There are numerous published studies under highly controlled circumstances that have demonstrated that the Zone DietTM is superior in insulin control, blood sugar control, blood lipid control, and appetite control to standard recommended diets such as those from the government or medical associations. Many of these studies were done at Harvard Medical School. These studies can be found at www.drsears.com or in my recent book, Toxic Fat. However, the best support for the Zone Diet may be the recent dietary recommendations from the Joslin Diabetes Research Center at Harvard Medical School for treating obesity and type 2 diabetes. Not surprisingly, these recommendations are essentially the Zone Diet.
I think the Zone SOUNDS easy, but I wonder in practicality how simple it could be. I need simple.
The Zone Diet is it incredibly easy to follow if you simply use your hand and eye at each meal. At each meal, divide your plate into three equal sections. On one-third of the plate, put some low-fat protein that is no bigger or thicker than the palm of your hand. Some of the best low-fat protein choices include skinless chicken, turkey, fish, egg whites, tofu or soy bean substitutes to name a few. Then fill the other two-thirds of the plate with colorful non-starchy vegetables and a little fruit on the side. This includes most vegetables except corn, potatoes and peas, and most fruits except bananas and raisins. Finally, add a dash (that’s a small amount) of monounsaturated fat, like olive oil, slivered almonds or guacamole. What you have constructed is a “drug” that will control insulin levels for the next four to six hours. Do this on a continual basis and you have an anti-inflammatory diet that will allow you to live a longer and better life.
If a person doesn’t eat much meat, what are the best ways to substitute lean protein, keeping in mind a person can only eat tofu so many times a week….
Great choices of low-fat protein (and non-meat) choices are egg whites, fish, soybean-based meat substitutes, such as hot dogs, hamburgers, sausage, etc. These soy-based products are free of isoflavones and other anti-nutrients commonly found in traditional soy products. In my book, The Soy Zone, you can find some excellent recipes for vegetarians like Tuscan Tempeh and Chickpea Casserole with Broccoli or Spinach Feta Pie. ZoneDiet.com also features great vegetarian recipes that are free.
How is the Zone for those of us who eat only seafood/eggs/cheese but no other meat products?
Protein is protein no matter what its source. Eating only seafood, egg whites (the yolks are rich in arachidonic acid that causes silent inflammation), and low-fat cheese are often superior to meat products such as poultry and beef. This is because these non-meat protein choices are lower in arachidonic acid. By making these your primary protein choices you are enhancing the anti-inflammatory properties of the Zone Diet.
How can we do the Zone on a limited budget (MizFit note: I loved this commentquestion! so applicable in today’s economy)?
The largest cost of the Zone Diet is due to the generous use of vegetables and fruits. Using of frozen fruits and vegetables is best way to limit food expenses on the Zone Diet. Not only do frozen vegetables and fruits contain more nutrients, they are less likely to go bad. Canned vegetables and fruits are more economical, because they will have considerably lower levels of vitamins. However, they still contain low-glycemic carbohydrates with fiber and other important phytochemicals such as polyphenols. Since following the Zone Diet you will be satiated longer, you quickly find out that you are actually eating less total calories, and will end up saving money on your overall food bill.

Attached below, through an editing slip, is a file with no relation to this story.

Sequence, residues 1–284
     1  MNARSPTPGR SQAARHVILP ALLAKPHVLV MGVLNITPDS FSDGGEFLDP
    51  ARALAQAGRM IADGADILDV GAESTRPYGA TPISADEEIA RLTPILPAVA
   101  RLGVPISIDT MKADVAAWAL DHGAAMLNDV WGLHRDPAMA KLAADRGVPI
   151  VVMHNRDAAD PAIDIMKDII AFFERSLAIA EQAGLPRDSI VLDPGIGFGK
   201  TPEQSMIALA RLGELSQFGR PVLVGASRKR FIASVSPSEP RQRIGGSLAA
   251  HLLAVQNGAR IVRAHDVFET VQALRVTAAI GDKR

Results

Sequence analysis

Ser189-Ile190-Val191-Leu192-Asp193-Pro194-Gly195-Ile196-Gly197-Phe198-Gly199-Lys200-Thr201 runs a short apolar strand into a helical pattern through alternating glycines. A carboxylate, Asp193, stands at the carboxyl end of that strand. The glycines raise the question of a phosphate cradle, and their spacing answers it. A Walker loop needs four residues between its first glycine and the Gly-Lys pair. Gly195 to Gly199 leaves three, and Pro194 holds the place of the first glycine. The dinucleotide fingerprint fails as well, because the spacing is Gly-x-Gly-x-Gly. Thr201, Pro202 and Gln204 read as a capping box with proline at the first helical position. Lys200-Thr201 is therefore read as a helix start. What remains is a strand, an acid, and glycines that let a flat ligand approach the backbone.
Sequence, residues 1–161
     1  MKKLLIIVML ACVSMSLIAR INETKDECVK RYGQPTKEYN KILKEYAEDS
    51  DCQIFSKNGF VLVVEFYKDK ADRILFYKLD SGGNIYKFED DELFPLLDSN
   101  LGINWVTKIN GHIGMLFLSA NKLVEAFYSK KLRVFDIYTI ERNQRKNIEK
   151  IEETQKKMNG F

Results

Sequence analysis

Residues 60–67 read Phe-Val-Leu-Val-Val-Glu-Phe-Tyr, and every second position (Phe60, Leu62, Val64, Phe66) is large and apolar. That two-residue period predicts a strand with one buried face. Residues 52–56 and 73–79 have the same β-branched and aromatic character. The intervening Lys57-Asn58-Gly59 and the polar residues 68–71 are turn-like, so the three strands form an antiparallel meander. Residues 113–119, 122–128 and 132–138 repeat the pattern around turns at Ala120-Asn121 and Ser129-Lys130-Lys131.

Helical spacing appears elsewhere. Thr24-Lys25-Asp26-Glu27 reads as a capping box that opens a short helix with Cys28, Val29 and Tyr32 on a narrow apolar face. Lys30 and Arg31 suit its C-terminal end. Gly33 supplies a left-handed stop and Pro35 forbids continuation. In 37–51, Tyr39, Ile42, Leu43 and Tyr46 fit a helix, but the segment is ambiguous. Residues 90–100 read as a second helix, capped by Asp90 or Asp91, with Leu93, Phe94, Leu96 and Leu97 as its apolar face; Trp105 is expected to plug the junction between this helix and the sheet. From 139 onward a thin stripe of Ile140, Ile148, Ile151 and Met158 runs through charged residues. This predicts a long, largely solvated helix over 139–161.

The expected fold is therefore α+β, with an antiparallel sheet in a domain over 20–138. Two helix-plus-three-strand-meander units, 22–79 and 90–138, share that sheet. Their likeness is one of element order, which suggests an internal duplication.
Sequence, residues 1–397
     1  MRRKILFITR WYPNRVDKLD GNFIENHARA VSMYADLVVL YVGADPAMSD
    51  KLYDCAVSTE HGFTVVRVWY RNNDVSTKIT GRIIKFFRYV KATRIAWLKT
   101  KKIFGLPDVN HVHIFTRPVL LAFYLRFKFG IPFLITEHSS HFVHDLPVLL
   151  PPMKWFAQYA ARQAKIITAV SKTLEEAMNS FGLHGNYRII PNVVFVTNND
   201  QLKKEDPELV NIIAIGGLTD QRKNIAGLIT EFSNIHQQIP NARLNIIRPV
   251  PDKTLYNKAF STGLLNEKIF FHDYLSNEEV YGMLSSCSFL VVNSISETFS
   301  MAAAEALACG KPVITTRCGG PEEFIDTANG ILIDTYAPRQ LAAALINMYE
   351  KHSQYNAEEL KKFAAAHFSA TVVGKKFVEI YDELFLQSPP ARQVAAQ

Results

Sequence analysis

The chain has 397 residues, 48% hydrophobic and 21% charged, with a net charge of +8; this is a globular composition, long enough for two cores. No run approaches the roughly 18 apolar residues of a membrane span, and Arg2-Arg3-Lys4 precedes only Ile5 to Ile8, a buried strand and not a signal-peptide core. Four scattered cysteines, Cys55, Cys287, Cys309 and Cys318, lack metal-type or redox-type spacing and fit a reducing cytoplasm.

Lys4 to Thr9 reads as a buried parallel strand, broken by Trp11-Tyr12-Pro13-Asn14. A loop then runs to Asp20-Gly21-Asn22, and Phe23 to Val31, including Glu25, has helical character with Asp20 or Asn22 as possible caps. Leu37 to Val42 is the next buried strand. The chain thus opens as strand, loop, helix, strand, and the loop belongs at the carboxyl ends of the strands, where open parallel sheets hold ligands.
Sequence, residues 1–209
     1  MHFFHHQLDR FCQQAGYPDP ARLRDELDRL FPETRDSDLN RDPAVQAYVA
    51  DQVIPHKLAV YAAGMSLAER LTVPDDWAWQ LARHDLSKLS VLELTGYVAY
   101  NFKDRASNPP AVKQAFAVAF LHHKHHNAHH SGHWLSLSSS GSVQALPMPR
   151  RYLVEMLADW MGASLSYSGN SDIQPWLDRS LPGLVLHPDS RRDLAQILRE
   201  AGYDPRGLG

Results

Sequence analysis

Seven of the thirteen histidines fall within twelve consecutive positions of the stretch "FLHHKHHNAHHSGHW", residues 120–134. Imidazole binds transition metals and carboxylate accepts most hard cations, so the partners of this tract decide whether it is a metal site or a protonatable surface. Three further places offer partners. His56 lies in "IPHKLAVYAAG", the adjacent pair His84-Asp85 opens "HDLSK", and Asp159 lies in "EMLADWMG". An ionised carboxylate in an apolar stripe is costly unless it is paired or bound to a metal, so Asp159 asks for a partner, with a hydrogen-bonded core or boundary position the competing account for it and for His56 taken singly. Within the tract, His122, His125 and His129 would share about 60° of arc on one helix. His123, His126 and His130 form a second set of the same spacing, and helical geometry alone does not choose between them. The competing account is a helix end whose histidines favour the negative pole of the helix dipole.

As a runner and an endurance athlete, how can I follow and/or modify the zone diet to work for me?
The only modification to the standard Zone Diet is to add more fat. Athletes will need more total protein and carbohydrate than a sedentary person, but not that much more. But they require significantly more fat. Numerous endurance athletes follow the Zone Diet including ultra-marathoner champion Dean Karnazes. Dean follows the Zone Diet very strictly to adapt his body to burning fat more effectively for conversion into ATP during an ultra-marathon. It is fat that provides endurance athletes with the greatest percentage of ATP as the distance of the race increases. Endurance athletes should consider fat as high-octane fuel since it provides far more ATP per calorie than glucose. You can visit this page to learn more about these athletes, their training plans, and how they follow the Zone Diet to help them achieve optimum performance.
To be honest I don’t ‘get’ any of the inflammation stuff. Can you explain on a very basic level?
There are two types of inflammation. The first is the type that hurts, the second is below the perception of pain. It is this second type of inflammation that is known as silent inflammation and it appears to be the underlying cause of most chronic diseases such as diabetes, heart disease, cancer, and Alzheimer’s. Since there is no pain associated with silent inflammation, you do nothing to stop it until there is enough organ damage for it to be called chronic disease. Any type of inflammation (screaming or silent) signals the body to roll out its immunological troops that destroy surrounding tissue. Silent inflammation simply does it at a slower rate so it doesn’t cause immediate pain. But without stopping the silent inflammation, the micro-damage accumulates until the organ is eventually compromised. The only way to reduce silent inflammation is by an anti-inflammatory diet like the Zone Diet. Since silent inflammation is always present, you have to follow the Zone Diet for a lifetime to keep it under control.
There you go, People. Dr. Sears has spoken and you (& I) asked the questions.
Whatcha thinking now?
Need a follow-up?
Wanna challenge Dr. Sears to a
duel debate of some sort?
Please to hit us up in the comments and be simultaneously entered to win a copy of Dr. Sears’ new book Toxic Fat (of which he has generously agreed to give away three copies).